Mountain West News Bureau

KUNR Public Radio is a proud partner in the Mountain West News Bureau, a partnership of public media stations that serve Nevada, Colorado, Idaho, Montana, New Mexico, Utah and Wyoming. The mission is to tell stories about the people, places and issues of the Mountain West. 

Contributing stations include Wyoming Public Media, Boise State Public Radio in Idaho, KUNR in Nevada, the O’Connor Center for the Rocky Mountain West in Montana, KUNC in Colorado, KUNM in New Mexico, with support from affiliate stations across the region. Funding for the Mountain West News Bureau is provided in part by the Corporation for Public Broadcasting.

The editor for the Mountain West News Bureau is Kate Concannon, a long-time NPR regional editor. Noah Glick is the KUNR reporter for this partnership.

The Mountain West has seen the largest increase in mask-wearing over the last few months than any other region, according to a new Pew Research Center survey.


Finding election poll workers is usually a challenge, but it’s even harder this year.


Nate Hegyi, rural reporter for the Mountain West News Bureau, is embarking on a 900-mile cycling trip crisscrossing the continental divide in August and September, interviewing and listening to Americans ahead of the 2020 election. You can follow Nate on social media, an online blog and this “Where Is He Now?” map.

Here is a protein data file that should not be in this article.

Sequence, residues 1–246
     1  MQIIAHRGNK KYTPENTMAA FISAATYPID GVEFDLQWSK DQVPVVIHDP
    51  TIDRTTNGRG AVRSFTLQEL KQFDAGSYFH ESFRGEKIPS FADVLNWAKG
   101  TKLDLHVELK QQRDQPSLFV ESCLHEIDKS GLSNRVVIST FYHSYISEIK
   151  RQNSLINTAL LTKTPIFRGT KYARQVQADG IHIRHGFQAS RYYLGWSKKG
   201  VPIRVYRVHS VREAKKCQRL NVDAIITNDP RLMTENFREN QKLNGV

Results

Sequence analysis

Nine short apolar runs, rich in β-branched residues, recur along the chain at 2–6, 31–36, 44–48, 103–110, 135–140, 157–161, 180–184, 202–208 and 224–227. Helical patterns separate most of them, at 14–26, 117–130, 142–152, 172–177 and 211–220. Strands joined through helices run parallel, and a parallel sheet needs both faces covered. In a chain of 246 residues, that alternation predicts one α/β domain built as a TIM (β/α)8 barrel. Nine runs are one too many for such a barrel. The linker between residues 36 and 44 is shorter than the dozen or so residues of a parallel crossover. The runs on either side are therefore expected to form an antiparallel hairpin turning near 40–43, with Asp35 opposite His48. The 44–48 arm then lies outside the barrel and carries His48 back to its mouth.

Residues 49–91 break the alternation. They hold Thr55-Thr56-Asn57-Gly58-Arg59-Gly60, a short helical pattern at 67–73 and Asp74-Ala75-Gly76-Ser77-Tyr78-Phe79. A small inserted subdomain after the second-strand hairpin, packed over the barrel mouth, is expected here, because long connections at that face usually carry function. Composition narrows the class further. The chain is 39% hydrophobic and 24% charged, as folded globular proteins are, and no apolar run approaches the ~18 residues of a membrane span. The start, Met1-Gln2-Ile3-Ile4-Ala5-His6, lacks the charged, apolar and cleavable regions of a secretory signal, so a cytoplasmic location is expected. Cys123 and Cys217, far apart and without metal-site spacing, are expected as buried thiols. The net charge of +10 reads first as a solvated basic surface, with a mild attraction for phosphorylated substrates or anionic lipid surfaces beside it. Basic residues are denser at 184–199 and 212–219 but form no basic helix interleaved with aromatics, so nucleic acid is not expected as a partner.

This story was powered by America Amplified, a public radio initiative.


Frank Fahland has been slowly building his dream house near Libby, Mont., for the past 15 years. 

"It's an Amish log home with a beautiful stain on it and the best back deck you've ever seen in your whole life," he says, overlooking pine-forested foothills and an open meadow.

Ever since the pandemic ramped up in mid-March, Fahland, 61, has been spending most days up here – away from people. Like hundreds of other folks in Libby, he's vulnerable to complications from COVID-19 because his lungs are scarred from breathing in asbestos-laced dust from a nearby mine for decades. He struggles to climb a small hill near his house before reaching for an inhaler. 

This story was powered by America Amplified, a public radio initiative.


When mass protests erupted across the country in late spring, the first Wyoming community to join that national movement was the city of Riverton. On June 1st, 150 or so people gathered in Riverton City Park to honor George Floyd's life and demand justice. 

Riverton is conservative and rural, with a population of about 11,000 people. But it's also surrounded by the Wind River Reservation. The June demonstration was led by a young Arapaho person from Wind River, Micah Lott. 

Last week, the Bureau of Land Management held its first oil and gas lease sales in months, netting more than $8 million from drillers eyeing public lands primarily in New Mexico.


Nate Hegyi, rural reporter for the Mountain West News Bureau, is embarking on a 900-mile cycling trip crisscrossing the continental divide in August and September, interviewing and listening to Americans ahead of the 2020 election. You can follow Nate on social media, an online blog and this “Where Is He Now?” map.